TANTANIA DIXON: “Heavy D & the Boyz treat me like their own.”
I was actually 9-months-old when my father passed away. I really don’t have any mutual memories of my father, but I’ve learned so much about him through the people in my family and watching videos of him and the actual recordings they have of him when he was in [Heavy D & the Boyz], so that taught my a lot about him.
[Heavy D, G-Whiz and Eddie F.] still ’til this day treat me like their own. Like, I’m their niece and my uncle Glen [G-Whiz] actually, is like my father from time to time, and steps in when he needs to step in [Laughs]. My uncles told me that my father was a goofball, and like he just brought so much life to the set… Whenever I’m with them they always tell me about memories and how my father was just so full of energy and they see a lot of that in me and how I make people feel sometimes. They said that’s how my father was and I think that’s why my uncle Hev and uncle Glen get teary eyed and sad sometimes ’cause they see some of his traits in me.
When I see the videos and the plaques about the music, it makes me feel good that my father actually did something with his life, you know? ’Cause he didn’t go to college and he didn’t do the things that I’m doing with my life right now [by going to college and study criminal justice], but in his own way, he made a difference. And my uncles made a difference and the music impacted other people’s lives… I still meet people that say, “Oh, that’s your father? I used to watch him all the time, man, [and] his dances.” It really makes me feel good to know that [my father and my uncles] did something with their lives back then.
I know my father and my uncles and everybody were icons, back in the day and everybody gives them respect, but to me it’s just normal because they’re just normal to me. So, when people actually ask me about them it makes me feel good to know that he’s my father and that he had an impact on the hip-hop industry…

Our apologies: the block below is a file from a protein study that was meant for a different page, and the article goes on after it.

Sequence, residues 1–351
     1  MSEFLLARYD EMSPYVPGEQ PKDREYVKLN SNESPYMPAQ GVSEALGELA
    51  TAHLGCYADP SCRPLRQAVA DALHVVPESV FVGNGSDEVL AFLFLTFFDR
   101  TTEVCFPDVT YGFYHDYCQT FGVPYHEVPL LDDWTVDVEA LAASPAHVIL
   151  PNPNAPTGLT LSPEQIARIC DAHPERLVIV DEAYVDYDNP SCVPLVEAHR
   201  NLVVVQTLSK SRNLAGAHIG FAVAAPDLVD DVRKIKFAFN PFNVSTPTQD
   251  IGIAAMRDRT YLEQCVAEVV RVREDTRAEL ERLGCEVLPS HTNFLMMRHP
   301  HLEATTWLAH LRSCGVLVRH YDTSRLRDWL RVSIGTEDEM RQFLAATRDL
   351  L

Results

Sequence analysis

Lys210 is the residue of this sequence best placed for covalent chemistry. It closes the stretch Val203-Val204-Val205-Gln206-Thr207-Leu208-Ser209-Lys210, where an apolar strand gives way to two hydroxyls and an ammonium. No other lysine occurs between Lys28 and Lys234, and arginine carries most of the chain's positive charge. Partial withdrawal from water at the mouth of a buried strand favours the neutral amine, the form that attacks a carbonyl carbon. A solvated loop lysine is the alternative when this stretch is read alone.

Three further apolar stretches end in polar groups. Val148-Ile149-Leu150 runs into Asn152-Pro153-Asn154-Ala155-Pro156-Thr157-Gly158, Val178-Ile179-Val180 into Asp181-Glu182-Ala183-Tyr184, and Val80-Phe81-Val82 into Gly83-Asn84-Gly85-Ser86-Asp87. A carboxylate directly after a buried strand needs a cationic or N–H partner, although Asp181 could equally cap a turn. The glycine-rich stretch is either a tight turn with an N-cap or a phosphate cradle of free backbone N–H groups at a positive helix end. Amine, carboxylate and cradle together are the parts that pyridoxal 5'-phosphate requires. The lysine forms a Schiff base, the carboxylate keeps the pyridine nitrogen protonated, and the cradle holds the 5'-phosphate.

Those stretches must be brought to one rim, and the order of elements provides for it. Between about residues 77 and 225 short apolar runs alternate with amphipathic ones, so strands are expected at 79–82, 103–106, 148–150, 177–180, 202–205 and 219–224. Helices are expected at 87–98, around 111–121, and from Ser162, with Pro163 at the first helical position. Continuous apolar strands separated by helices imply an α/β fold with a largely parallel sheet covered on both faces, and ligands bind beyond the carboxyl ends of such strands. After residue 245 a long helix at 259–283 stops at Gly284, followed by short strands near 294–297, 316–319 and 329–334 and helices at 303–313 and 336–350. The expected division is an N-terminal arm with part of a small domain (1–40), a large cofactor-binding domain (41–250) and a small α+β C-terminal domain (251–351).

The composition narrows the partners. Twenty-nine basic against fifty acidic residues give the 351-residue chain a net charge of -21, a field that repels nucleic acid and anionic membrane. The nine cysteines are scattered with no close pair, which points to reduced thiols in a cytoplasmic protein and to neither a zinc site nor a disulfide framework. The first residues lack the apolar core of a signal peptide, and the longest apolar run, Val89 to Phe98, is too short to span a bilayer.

When [Pete Rock & CL Smooth] made [“They Reminisce Over You”] and I was old enough to actually listen to it, it really made me feel like, [my father] was really a big part of something, like, a lot of people really loved him… I know Kanye mentioned [“T.R.O.Y.”] in one of his songs and I just be like, Some people [still] remember hip-hop back then, and it makes me feel very proud of them.
I wouldn’t wanna wish death on my father, but by him passing away and by CL doing a song that became one of those hip-hop classics, it’s like, it’s a good feeling. It’s a bittersweet feeling, but if it wasn’t for him passing away, the feeling would have never came about and with him passing away [“T.R.O.Y.”] became a classic and it was for him, so it’ll always be a memory of my father and I feel good about it.
[The anniversary of my father’s passing] is always the week after our family reunion. We just had our family reunion [last] weekend in D.C. and we have a talent show every year in memory of him, so we always acknowledge that. I’m going to go to the gravesite [today] and everything with my grandfather… I have a fear about gravesites, but it’s becoming something that’s on my list to do every year.
I would just like, want everybody to know that what my father and uncle Hev and everybody did is an impact on my life as well because it set history in stone and I wanna go forth and be able to do something and make them proud of me as well, so it doesn’t stop here. I just have that memory in my mind all the time of my father.
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